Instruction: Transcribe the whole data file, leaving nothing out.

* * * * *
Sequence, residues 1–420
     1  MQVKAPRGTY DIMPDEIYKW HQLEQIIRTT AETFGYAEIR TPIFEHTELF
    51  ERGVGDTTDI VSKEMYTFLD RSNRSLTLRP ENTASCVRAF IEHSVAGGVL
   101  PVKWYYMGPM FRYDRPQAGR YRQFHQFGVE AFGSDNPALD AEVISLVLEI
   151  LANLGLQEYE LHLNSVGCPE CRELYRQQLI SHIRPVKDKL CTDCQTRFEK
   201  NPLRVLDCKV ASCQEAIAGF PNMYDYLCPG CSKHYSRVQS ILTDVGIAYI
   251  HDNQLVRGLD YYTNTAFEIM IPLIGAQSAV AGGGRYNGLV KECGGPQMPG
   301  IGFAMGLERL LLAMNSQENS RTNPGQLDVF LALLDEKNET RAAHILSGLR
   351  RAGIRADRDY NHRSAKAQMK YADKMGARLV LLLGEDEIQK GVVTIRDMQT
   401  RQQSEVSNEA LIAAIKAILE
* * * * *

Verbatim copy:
Sequence, residues 1–420
     1  MQVKAPRGTY DIMPDEIYKW HQLEQIIRTT AETFGYAEIR TPIFEHTELF
    51  ERGVGDTTDI VSKEMYTFLD RSNRSLTLRP ENTASCVRAF IEHSVAGGVL
   101  PVKWYYMGPM FRYDRPQAGR YRQFHQFGVE AFGSDNPALD AEVISLVLEI
   151  LANLGLQEYE LHLNSVGCPE CRELYRQQLI SHIRPVKDKL CTDCQTRFEK
   201  NPLRVLDCKV ASCQEAIAGF PNMYDYLCPG CSKHYSRVQS ILTDVGIAYI
   251  HDNQLVRGLD YYTNTAFEIM IPLIGAQSAV AGGGRYNGLV KECGGPQMPG
   301  IGFAMGLERL LLAMNSQENS RTNPGQLDVF LALLDEKNET RAAHILSGLR
   351  RAGIRADRDY NHRSAKAQMK YADKMGARLV LLLGEDEIQK GVVTIRDMQT
   401  RQQSEVSNEA LIAAIKAILE